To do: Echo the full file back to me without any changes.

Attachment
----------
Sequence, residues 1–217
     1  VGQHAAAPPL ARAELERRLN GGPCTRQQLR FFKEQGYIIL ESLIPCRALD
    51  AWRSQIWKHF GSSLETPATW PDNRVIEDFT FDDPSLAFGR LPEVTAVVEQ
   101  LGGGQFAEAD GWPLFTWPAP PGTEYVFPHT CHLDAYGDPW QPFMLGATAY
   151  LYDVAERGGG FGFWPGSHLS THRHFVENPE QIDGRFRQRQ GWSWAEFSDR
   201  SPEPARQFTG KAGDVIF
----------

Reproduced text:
Sequence, residues 1–217
     1  VGQHAAAPPL ARAELERRLN GGPCTRQQLR FFKEQGYIIL ESLIPCRALD
    51  AWRSQIWKHF GSSLETPATW PDNRVIEDFT FDDPSLAFGR LPEVTAVVEQ
   101  LGGGQFAEAD GWPLFTWPAP PGTEYVFPHT CHLDAYGDPW QPFMLGATAY
   151  LYDVAERGGG FGFWPGSHLS THRHFVENPE QIDGRFRQRQ GWSWAEFSDR
   201  SPEPARQFTG KAGDVIF